I hadn’t noticed Fantasy Flight Games’ Age of Rebellion on offer at the convention, having somehow skimmed over it in the itinerary a few times, but once I spotted it, a few folks recommended giving it a look. I signed up and headed back down into the guardhouse cell to give it a try. Now I admit I did get a bit ranty about this game over Twitter on the weekend, but in retrospect I might have been a little uncharitable. That said, as a little bit of critique, I think striking a balance between preparing what you need and being able to improvise is key to running a game, as well as understanding that a group of strangers at a con might not be able to coordinate or follow your adventure cues as well as your regular group. Still, once we were able to act a little more freely, we had a lot of fun, so hats off to you, James B, for sticking with it and remaining patient whilst we started to understand the rules a little better. Plus, I got to steal a TIE Defender, cause chaos on the deck of a Star Destroyer and engage in general capering, so I’d call that a net win.

Star Wars Dice

Whilst I think the first half of the adventure could have gone better, I think the GM did his best and we were certainly having enough fun that some confusion and a bit of time struggling to figure out where to go didn’t impact on my impression that the system has a lot of potential (and once I get the Beginner Box for myself, it’ll definitely get a full-length review of its own) and that overall I had a lot of fun. In terms of the game mechanics, I’d have liked to have seen more of them, but I liked the idea behind the advantage/threat mechanics, which seems to reinforce that Fate-like idea of success at a cost, or creating advantages even when you fail. The destiny point mechanic definitely seems interesting, creating a seesaw-like shift of power between the GM and the players as they boost their own dice at the cost of giving the other the ability to boost theirs later.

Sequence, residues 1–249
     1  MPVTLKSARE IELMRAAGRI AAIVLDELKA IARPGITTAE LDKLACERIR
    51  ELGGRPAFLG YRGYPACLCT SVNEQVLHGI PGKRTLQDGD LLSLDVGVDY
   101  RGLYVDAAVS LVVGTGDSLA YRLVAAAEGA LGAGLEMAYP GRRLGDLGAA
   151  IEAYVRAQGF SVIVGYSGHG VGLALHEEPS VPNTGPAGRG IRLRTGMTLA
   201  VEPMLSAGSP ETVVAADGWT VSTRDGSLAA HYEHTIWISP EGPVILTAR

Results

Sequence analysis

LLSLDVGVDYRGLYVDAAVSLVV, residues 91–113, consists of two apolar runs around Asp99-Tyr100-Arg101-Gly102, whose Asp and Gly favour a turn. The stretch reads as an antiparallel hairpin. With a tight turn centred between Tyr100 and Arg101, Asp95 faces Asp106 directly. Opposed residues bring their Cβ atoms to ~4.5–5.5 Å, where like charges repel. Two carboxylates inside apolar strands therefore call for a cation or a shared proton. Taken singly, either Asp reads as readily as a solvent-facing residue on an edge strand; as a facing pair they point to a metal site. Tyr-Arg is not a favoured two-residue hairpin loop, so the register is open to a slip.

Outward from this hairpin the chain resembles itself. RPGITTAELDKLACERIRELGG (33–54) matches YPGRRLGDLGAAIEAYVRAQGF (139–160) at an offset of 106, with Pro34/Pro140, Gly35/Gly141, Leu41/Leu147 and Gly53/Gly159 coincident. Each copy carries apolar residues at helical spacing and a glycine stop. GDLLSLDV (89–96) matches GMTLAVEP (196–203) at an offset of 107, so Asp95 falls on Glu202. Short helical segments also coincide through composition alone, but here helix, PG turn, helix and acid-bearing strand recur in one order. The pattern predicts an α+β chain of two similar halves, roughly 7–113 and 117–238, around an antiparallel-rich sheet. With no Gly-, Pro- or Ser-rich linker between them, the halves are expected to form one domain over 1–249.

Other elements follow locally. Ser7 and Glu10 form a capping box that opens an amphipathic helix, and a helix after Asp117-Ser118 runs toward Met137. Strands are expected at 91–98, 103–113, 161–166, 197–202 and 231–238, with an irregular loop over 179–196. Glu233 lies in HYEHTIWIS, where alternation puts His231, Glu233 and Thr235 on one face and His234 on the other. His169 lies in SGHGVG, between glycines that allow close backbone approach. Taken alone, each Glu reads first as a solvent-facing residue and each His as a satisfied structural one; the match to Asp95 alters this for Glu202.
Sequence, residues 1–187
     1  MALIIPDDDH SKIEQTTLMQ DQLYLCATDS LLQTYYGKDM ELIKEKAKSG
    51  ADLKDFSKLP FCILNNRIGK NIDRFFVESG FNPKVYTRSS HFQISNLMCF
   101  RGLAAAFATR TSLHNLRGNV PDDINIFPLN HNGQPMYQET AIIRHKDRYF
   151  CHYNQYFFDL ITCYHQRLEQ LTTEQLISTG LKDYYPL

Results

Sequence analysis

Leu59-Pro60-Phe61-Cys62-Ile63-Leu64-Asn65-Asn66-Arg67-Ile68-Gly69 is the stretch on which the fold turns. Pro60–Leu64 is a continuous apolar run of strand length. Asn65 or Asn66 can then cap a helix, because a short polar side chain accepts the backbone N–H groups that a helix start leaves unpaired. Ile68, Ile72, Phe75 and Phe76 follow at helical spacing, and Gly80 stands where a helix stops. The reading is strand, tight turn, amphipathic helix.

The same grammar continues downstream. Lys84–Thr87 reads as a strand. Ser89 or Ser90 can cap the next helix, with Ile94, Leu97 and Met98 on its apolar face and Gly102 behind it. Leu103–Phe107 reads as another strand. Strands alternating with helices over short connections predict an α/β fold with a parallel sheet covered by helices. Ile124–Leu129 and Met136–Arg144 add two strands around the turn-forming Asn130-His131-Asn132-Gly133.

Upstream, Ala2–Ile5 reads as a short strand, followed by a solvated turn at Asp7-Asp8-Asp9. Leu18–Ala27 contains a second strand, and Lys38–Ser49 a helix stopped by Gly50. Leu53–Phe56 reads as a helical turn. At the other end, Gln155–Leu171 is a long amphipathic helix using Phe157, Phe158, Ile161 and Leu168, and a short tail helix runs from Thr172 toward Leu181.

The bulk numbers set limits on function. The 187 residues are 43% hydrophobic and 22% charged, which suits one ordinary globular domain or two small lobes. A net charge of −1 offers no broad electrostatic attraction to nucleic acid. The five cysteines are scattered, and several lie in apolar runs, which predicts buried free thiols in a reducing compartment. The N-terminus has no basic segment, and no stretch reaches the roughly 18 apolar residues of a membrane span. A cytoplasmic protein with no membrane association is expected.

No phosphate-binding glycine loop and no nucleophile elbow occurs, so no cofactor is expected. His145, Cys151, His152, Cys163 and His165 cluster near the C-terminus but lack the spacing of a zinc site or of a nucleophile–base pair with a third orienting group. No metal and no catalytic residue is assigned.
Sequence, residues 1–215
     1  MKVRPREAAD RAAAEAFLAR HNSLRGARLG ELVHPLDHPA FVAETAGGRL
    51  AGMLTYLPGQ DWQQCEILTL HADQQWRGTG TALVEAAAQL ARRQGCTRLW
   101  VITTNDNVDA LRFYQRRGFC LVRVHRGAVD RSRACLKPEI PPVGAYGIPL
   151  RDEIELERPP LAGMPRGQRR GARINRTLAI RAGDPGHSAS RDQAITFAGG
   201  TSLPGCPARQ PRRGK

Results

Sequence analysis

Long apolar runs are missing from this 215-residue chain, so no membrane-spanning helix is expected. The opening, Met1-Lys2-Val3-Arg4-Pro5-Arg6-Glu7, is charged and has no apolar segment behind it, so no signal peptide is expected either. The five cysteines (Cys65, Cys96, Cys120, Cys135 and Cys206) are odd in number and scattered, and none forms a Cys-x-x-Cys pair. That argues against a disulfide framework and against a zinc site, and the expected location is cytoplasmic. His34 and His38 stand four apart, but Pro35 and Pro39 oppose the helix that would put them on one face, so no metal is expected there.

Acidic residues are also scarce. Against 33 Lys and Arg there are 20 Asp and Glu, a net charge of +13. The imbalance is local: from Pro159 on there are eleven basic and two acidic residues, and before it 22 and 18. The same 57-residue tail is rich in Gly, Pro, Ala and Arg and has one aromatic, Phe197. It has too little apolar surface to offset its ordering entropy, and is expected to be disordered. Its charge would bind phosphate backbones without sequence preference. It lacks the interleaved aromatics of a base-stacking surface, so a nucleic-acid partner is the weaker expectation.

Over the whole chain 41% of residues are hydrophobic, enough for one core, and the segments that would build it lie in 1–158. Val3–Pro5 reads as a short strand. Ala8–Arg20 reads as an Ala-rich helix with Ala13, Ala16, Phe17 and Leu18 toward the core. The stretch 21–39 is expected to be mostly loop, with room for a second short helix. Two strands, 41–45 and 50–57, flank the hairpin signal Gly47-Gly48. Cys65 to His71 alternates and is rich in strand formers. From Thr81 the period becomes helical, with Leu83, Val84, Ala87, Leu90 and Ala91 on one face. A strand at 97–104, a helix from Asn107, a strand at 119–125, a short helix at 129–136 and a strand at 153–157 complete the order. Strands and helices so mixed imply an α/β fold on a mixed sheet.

Traveller – Eve of Rebellion

For my last game on the Saturday, I took the recommendation of a mate and jumped in to play a high-powered political game of Traveller, playing the character of Duke Norris as he navigated the Imperial court. From what I gather, Steve (our GM) ran a particularly rules-light and roleplay-heavy version of the game, but I may have gotten the wrong impression. I didn’t get to interact much with the mechanics behind Traveller’s skill rolls, but what really grasped my attention whilst playing Traveller was the depth of the Third Imperium setting, full of interesting characters and a quirky feudal bent. It put me in mind of the Dune universe, or perhaps Firefly to a certain extent.